A good example of this is Israel’s exodus from Egypt. Not only is the Bible vague about details that would identify the time period it took place during (no Pharaohs are mentioned by name), but scholars haven’t found any evidence outside of Israel’s own records verifying the accuracy of a ~1–2 million-person exodus from Egpyt². It might not be suspicious to assume that Egypt wouldn’t have documented this in fear of making themselves look bad, but certainly a neighboring nation would have noticed and mentioned something in their historical records? Especially when the numbers claimed to have taken part in the exodus rivaled the entire population of Egypt at the time³.
The absence of proof is not proof of absence
As scholars study these things, it’s important to note that not having strong evidence for something doesn’t necessary make it untrue. History is full of claims that we’ll never be able to confirm or deny with complete certainty because the proof was either destroyed or lost to time.
That doesn’t mean we can’t speculate or try to come to logical conclusions with the evidence we do have. After all, that’s what science is all about — making inferences based on data we do have, observing those inferences to determine if they’re accurate or not, and adjusting models based on updated information. History can be treated the same way.
The conclusions I’ll share with each passage I cover in subsequent articles will be a result of what I find convincing given the evidence scholars have collected combined with the convictions I have through my own personal beliefs. You’re free to come to different conclusions, and I encourage you to do your own research to ensure you’re comfortable with the decisions you’ve come to (I did mention I’m not an expert, right?).
What does all of this mean for the reliability of the Bible?
Coming to the conclusion that the Bible isn’t the perfect, absolute book you were taught it was growing up can be jarring. However, believing it isn’t historically reliable doesn’t invalidate its role in the Christian faith.
I believe this because many scholars have come to the conclusion that the Bible was intentionally written the way it is. When historians study other cultures living in the Ancient Near East, they often find exaggerated works or fables crafted by a society as a way of trying to explain why things are the way they are (also known as ‘etiology’). In our case, much of the Old Testament was retroactively written by the Israelites during their captivity and after to explain who their god was and why their actions ultimately led them to be taken as captives from their promised land.
Going back to an earlier example, it’s okay that Genesis 1 and 2 don’t align with each other. Modern scholars believe Genesis was simply authored by multiple people. It’s very likely that neither of the authors of the first two chapters intended for their passage to be interpreted literally, and the people who compiled and translated those passages over time clearly didn’t mind it either, or they wouldn’t have included it without first fixing the contradictions (which is something we see a lot of in the Bible). Instead, we have the author of the first chapter conveying the ultimate power and authority of God over creation while emphasizing the importance of the sabbath, and in Genesis 2 we find another author who wants to convey the importance of close, personal relationships with God and his desire to be intimate with every minute detail of creation.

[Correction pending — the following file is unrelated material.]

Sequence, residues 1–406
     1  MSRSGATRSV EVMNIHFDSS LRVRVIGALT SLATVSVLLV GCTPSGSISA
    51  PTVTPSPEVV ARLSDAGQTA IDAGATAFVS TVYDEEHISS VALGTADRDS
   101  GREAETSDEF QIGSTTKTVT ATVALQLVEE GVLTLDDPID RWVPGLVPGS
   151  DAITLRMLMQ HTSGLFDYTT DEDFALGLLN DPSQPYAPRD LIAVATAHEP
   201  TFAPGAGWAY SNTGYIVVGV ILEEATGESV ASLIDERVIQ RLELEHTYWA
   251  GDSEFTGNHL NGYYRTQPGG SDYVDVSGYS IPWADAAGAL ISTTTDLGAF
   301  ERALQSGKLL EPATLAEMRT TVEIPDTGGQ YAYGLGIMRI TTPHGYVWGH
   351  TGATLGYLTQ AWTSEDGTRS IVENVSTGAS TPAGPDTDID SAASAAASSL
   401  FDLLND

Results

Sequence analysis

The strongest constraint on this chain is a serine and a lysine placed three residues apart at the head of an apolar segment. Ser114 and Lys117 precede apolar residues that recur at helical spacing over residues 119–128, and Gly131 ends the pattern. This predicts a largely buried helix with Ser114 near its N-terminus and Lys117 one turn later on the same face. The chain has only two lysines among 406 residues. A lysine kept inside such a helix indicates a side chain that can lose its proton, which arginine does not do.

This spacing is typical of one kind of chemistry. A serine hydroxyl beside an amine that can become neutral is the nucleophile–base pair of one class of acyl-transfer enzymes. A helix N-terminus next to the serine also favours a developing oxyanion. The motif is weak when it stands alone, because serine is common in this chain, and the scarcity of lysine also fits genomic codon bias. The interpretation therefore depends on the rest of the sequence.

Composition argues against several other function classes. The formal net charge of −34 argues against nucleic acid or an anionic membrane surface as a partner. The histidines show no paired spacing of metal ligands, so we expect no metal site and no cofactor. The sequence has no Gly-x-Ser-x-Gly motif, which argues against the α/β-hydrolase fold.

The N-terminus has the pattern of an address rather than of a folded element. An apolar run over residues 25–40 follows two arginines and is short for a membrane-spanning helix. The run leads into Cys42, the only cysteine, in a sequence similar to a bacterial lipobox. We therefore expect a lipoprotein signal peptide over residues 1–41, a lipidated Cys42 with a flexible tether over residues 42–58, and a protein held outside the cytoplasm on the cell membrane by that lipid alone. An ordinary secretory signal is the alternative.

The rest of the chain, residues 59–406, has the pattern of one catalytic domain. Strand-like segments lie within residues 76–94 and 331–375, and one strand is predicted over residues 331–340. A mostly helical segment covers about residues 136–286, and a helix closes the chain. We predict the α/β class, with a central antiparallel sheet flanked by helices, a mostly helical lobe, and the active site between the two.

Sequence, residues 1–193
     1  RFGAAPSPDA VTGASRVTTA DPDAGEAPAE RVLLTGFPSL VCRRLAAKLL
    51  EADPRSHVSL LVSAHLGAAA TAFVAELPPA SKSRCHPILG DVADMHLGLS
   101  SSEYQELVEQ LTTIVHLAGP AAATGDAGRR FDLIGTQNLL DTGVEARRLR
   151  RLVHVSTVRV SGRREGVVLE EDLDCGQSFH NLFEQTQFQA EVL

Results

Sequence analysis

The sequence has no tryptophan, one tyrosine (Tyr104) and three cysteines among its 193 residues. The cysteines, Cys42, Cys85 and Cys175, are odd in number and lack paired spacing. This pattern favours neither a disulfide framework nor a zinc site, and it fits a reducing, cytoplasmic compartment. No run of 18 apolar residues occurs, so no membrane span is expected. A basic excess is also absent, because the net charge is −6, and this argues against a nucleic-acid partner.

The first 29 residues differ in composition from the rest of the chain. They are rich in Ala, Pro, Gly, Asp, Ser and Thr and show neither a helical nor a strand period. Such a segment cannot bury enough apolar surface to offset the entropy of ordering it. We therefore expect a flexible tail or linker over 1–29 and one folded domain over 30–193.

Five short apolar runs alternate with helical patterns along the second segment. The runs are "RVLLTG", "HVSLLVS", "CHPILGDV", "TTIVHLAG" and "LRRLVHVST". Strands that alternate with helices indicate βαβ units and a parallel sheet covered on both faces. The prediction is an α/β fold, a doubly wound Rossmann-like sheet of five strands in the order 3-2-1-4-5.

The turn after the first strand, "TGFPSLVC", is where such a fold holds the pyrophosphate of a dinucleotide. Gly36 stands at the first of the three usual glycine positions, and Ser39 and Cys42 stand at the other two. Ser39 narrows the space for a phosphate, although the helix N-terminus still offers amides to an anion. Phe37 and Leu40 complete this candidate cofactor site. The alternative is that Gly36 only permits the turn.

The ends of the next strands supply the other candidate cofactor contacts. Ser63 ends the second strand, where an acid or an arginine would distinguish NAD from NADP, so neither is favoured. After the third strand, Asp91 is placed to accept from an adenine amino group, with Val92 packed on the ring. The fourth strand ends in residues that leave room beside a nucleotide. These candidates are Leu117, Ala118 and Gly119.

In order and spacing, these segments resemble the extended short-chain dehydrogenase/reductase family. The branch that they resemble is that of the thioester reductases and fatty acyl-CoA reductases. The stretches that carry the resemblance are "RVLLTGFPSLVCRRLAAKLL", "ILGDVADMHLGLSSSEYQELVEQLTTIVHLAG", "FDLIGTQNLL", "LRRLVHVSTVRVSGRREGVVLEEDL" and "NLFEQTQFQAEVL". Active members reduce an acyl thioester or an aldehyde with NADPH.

What does all of this mean for us?
The only real conclusion I’ve come to since I’ve started this journey is that maybe we’ve elevated the Bible and its importance to our faith to a higher status than it was intended to have. I’m not saying the Bible is wrong — I still believe it’s a God-inspired book that can teach us about God and his character. It doesn’t always need to be historically accurate to do that.
I’ve spoken with a lot of people about the Bible and what it means to the Christian faith, and I find too many people rely on it to validate their faith. While it is a great tool, my faith has come through a personal experience with Jesus Christ and the evidence of his love that’s all around us.
I stumbled on a great quote on reddit earlier this year that I’ve come back to numerous times as I’ve explored these topics:
My studies into Ancient Israelite religion and it’s offshoots have changed how I interpret the Bible. It’s changed what I believe happened historically. But it’s confirmed over and over again to me that there is an undercurrent in history of a God who loves humanity and wants humanity to love each other and serve each other in that love.
The evidence for God outside of the Bible is overwhelming and is what gives me the comfort and motivation to continue studying these topics with unwavering faith. I pray for the same for you.
¹Graham Stanton, Gospel Truth? New Light on Jesus and the Gospels (HarperCollins, 1995) p. 8.
²Dozeman, Thomas B.; Shectman, Sarah (2016). “Exodus”. In Yee, Gale A.; Page, Hugh R. Jr.; Coomber, Matthew J. M. (eds.). The Pentateuch: Fortress Commentary on the Bible Study Edition. Fortress Press. pp. 137–178.
³Humphreys, Colin J. (1998). The Number of People in the Exodus from Egypt: Decoding Mathematically the Very Large Numbers in Numbers I and XXVI.